Seventeenth and Eighteenth Century Brescia
The twilight of Venetian domination amid rivalry between citizens; the culture of the new age.
In the XVII century the succession of famines and plagues ( those of 1630 are famous for their sad consequences), the result of natural causes and wars, claimed many victims and slowed down the economic growth of Brescia and the territory around.
Furthermore Venice no longer defended her inland possessions, being far more interested in safeguarding her Mediterranean lands and constantly engaged in hostilities with the Turks. Towards the end of the XVII century the decline of Venice began to affect Brescia. The way Brescia was fortified made her an impregnable stronghold and wars were not fought nearby, but the greatest damage was caused by the obligatory passage of foreign troops across the southern part of the province and around Lake Garda as they moved between the various battle fields appropriating everything they found. Venice deplored and condemned this frequent violence and looting but did not intervene.
Thus from the early XVIII century on Brescia became increasingly aware that it was no longer protected by Venice, who could not prevent the contendents in the Spanish War of Succession (Venice was neutral) from choosing Brescian territory for decisive battles.
After the radical changes of the preceding centuries which had redrawn the architectural and urbanistic physiognomy of Brescia, the seventeenth and eighteenth centuries were essentiallya time of setting the city in order from an architectural point of view. Public works concentrated on limited and specific objectives (the building of the Casa di Dio and the neighbouring church of San Carlo in present-day Via Moretto, the laying out of the fairground outside the walls along the road to Milan). There were few important new buildings but many refurbishments and transformations (the Broletto underwent the most important one), while many existing churches and palaces were given new showy facades of white Botticino marble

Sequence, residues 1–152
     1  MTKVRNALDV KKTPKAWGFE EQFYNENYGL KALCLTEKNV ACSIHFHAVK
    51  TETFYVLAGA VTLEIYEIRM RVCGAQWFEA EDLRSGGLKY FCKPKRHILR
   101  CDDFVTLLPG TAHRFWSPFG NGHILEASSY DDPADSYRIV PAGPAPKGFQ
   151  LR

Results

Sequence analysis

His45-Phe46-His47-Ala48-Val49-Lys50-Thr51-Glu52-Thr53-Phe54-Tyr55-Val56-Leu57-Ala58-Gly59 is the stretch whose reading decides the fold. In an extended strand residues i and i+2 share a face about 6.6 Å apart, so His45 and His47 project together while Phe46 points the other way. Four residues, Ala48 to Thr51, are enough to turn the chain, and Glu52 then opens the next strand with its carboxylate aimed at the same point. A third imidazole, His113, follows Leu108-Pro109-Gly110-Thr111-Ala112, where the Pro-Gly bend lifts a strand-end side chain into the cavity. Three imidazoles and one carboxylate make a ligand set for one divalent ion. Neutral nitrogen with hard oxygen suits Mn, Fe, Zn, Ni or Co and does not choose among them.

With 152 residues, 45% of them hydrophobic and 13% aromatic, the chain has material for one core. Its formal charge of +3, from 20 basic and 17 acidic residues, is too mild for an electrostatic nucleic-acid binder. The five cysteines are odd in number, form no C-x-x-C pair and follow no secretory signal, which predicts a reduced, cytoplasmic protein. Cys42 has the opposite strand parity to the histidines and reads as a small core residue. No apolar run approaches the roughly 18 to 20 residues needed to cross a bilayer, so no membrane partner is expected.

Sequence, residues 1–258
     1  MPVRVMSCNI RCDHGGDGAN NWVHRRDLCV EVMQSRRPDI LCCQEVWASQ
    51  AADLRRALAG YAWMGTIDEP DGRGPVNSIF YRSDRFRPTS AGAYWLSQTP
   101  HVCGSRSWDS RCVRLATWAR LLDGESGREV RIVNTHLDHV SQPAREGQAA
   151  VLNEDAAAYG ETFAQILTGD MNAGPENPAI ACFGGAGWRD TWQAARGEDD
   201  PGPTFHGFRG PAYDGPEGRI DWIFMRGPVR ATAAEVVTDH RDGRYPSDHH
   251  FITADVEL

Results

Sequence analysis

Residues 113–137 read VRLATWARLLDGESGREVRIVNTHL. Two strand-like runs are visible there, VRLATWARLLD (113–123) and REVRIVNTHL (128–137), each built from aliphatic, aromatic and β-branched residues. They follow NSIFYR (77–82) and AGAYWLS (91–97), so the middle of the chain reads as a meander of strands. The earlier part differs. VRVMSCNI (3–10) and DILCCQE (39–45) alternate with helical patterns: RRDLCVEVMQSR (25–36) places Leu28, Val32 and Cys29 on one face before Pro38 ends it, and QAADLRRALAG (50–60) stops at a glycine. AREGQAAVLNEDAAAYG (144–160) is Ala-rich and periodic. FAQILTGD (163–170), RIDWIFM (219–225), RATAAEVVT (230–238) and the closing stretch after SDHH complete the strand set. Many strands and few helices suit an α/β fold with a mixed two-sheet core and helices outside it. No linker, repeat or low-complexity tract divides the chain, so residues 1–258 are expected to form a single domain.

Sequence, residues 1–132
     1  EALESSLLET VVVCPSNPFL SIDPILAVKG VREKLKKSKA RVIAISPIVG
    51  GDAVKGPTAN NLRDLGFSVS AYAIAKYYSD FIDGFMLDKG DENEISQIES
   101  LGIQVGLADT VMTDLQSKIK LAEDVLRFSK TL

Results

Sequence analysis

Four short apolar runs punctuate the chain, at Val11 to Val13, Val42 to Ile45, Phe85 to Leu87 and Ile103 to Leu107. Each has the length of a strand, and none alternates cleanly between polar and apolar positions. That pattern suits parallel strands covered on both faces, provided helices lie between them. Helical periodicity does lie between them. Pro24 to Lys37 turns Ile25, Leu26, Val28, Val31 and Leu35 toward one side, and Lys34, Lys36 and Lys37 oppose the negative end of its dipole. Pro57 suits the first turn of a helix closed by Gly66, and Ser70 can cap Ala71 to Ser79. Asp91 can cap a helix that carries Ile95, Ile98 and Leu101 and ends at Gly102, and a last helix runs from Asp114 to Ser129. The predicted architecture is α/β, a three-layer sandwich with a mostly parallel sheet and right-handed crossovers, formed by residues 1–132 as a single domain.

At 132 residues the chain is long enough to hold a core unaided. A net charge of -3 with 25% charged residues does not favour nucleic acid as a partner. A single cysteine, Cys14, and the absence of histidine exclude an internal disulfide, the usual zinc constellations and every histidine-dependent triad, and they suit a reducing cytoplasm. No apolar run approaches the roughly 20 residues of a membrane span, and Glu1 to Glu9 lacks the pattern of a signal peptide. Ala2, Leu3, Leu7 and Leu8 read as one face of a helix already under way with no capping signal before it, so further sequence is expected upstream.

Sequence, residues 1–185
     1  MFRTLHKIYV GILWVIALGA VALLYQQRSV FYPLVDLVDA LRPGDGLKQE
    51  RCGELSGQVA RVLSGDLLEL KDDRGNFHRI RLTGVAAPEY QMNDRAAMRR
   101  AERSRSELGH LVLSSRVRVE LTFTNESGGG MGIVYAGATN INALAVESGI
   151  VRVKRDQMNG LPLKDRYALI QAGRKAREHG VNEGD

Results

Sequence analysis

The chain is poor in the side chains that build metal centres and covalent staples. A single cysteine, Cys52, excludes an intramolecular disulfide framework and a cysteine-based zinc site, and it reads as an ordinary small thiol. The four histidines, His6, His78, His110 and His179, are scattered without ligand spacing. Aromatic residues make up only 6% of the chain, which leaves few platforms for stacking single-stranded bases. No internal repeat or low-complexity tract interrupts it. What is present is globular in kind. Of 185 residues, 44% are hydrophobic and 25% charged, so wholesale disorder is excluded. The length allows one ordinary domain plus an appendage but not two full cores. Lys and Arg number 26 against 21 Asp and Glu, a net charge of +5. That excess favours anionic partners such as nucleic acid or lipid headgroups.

It was during this period of decline that in 1729 Cardinal Angelo Maria Querini became Bishop of Brescia; he was a Benedictine monk and former Bishop of Corfu and was to have a strong influence on the religious and cultural life of the period. He built the Biblioteca Queriniana (a library), which still has the original decorations and shelves, and put new life into the building of the Duomo Nuovo (new cathedral) on the site of the demolished cathedral of San Pietro de Dom, after it had been dragging on since the beginning of the XVII century.
The building of the Duomo and the church of SS.Faustino and Giovita are the two most important construction works of the century. They broke away from the traditional rectangular plan for religious buildings laid down in Brescia by Bagnadore (S. Afra and San Domenico), who designed churches in the form of a cross with a nave and no lateral aisles, a barrel roof and side chapels, just as they moved away from significant examples of Baroque and classical architecture to be found respectively in the churches of San Barnaba (1632 - 75) and Santa Maria della Pace (1720 - 46).
The noble palaces built after the middle of the seventeenth century hark back to the sixteenth century plan, but aim for showier and more theatrical effects and are typified by elements (porches, portals, railings and gardens) designed to produce the effect of perspective: the best example of this tendency is Palazzo Suardi, in present-day Via Trieste.